We segue right into parenting with the next two photographs. Let me tell you that were it not for the fact the woman is more overweight than I was thirteen years ago (or now) that could have been me, with my second son. My second son, aka Houdini, perfected the ability to vanish in the second you needed to turn away from him. I’d let go of his hand to count change, and he’d be gone. As much as I hated leashes for children and had only used one with his brother during international travel, I had to revise my opinion with child #2 until he was old enough to understand what running off might mean. Note the woman isn’t walking. She’s stopped there. I don’t know about other people, but lying down like that and looking at the ceiling was one of my kid’s favorite activities. (The other was grabbing onto the leash surfer style, lying down on his belly and demanding I pull him. Depending on the clothes he was wearing, sometimes I did, to much giggling.) As for the “then” picture, other than the fact that the whole family looks like it was put through the ringer – and probably was – those kids probably were beaten (not just what we’d consider a spank) on a regular basis. If they fit their time and place, they were all already working hard. And they wouldn’t be encouraged to question authority. Any authority. Parents, teachers or the lady down the street. I’d rather deal with the “now” kids.
Another thing built into the assumptions in those pictures is the fact that the “then” parents on average probably had a lot more children. Discipline had to be tighter, to keep the brood under control. And while the death of a child has always been a tragedy in every time and place, it was not always the same. I grew up in a place and time of large families. Little Johnny running out of the store and getting run over in the parking lot would be sad but not the end of the world. NOT as it would be now, when Johnny is likely to be an only child, or one of two. That leash is not a symbol of neglect, but of excessive caution.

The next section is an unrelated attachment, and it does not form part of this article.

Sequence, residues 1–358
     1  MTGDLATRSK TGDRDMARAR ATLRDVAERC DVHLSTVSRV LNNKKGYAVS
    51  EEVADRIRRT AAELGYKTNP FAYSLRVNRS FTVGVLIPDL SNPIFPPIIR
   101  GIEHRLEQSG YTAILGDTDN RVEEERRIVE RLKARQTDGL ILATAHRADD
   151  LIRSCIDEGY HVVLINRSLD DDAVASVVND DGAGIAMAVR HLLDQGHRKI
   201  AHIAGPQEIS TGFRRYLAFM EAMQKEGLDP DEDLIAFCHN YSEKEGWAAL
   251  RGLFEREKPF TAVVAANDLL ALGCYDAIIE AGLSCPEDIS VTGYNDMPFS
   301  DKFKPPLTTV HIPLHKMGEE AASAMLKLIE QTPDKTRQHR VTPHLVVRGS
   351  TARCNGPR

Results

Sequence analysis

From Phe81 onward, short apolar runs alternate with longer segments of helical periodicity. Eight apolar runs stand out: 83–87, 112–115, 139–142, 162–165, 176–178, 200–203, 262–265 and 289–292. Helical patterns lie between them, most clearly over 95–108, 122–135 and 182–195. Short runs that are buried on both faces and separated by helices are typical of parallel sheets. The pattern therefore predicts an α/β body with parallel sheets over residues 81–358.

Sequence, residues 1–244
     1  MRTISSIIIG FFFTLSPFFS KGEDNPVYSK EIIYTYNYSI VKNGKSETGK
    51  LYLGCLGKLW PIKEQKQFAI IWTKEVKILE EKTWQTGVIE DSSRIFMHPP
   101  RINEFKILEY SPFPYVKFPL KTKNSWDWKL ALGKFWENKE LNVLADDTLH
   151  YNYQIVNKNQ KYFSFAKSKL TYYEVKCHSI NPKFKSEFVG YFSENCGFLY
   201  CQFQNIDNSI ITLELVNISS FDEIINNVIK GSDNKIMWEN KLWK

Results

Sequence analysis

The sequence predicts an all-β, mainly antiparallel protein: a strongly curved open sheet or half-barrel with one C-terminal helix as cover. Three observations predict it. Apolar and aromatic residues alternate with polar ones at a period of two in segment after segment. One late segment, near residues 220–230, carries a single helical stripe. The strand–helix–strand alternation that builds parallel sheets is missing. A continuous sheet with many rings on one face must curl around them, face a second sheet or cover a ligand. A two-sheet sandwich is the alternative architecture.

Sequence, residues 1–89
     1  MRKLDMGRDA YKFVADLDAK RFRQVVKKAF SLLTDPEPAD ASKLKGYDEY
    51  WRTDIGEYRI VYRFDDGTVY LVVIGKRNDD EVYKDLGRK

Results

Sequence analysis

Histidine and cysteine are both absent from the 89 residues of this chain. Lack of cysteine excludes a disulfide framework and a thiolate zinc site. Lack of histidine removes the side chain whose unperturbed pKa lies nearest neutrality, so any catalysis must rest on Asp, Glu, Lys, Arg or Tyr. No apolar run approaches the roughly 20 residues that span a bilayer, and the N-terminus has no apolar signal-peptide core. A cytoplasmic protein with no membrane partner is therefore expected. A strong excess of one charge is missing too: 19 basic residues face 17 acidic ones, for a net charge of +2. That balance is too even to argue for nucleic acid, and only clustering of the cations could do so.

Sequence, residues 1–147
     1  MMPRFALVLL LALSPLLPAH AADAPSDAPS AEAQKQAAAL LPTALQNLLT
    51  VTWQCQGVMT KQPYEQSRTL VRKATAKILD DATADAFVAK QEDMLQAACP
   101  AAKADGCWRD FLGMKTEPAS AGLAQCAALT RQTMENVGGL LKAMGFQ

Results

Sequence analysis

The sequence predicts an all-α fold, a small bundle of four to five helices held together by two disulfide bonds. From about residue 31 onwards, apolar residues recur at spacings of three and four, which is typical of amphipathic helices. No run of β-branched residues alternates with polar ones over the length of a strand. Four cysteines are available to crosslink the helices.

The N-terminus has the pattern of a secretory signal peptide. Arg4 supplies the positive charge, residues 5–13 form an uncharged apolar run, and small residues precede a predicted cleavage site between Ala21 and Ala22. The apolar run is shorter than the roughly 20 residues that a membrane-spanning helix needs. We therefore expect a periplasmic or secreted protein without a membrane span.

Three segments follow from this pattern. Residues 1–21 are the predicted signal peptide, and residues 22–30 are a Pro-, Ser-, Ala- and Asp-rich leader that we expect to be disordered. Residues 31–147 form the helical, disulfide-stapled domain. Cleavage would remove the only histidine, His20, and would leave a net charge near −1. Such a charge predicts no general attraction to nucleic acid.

The next two photographs. Sigh. Picture the “now” gentleman walking into the place of work of the “then” gentleman dressed as he is. If you think he’d get what he has coming to him, congratulations, you are in fact a totalitarian and a dictator at heart. Me, I’m happy he doesn’t get more than a second glance these days.
The next two photographs – yes, the modern lady is very overweight. She has two small children. I would argue that someone with two small children getting that obese reveals more an underlying health problem than the leisure to lay around. In fact, I doubt she has time to exercise. I’m finally getting back into shape now, when I can exercise every day without endangering the boys. With kids that small? No way. So… Different living conditions. I’d still rather live now, when food is plentiful and we can deal better with the health problems inherent in our lifestyle. Now, mind you, I’d never have been caught dead in that ill-fitting shirt, but I guess she has other things on her mind. Like… her kids. And the cashier will still be nice to her, and call her ma’am. Beautiful, isn’t it?
The last photographs? Maybe the gentleman is also thinking he wishes this would copulate. Look, again, yeah, the modern lady is being rude… And who cares? Imagine talking to both of the photograph subjects. Can’t you picture getting grievances from both? She’s just expressing hers more openly because she CAN. A society in which cranky old ladies can be cranky old ladies is a free and safe society.
And that brings us to the comment at the end from the author of the post Compare and contrast our noble ancestors with modern Americans. Then: Poor, yet dignified, with strong family and community bonds. Now: Overfed, government assisted trash who look like shambling monsters.
It won’t be long for this country.

Oh, please. Let’s leave aside the obvious elitism in assuming that anyone who is overweight is on government assistance (does this person know any computer programmers or other chair-sitters, whose long hours of work MAKE them obese?)
Strong community bonds? You can say that again. Strong, small communities that enforce conformity. Having grown up in a village, I’m given to saying, “It takes a village to make a child completely neurotic.” Strong community bonds also means “Don’t you dare be different.”
As for It won’t be long for this country – well those noble ancestors let FDR build the foundations of the leviathan now crushing us. The ones in the pictures probably voted for him all four times.
Instead, I’d sum up this photo essay like this:
Then – strained, down on their luck, provincial people who didn’t even know it was possible to live differently from what they’d been taught and whose desire to fit in and behave like their neighbors allowed the government to manipulate them and incite them in petty hatreds against the “fat cats.”
Now – a well fed, vibrant, open-minded people that allow for the outliers in their midst and are, therefore, the engine of innovation of the world.
The future is so bright, I’ve got to wear shades.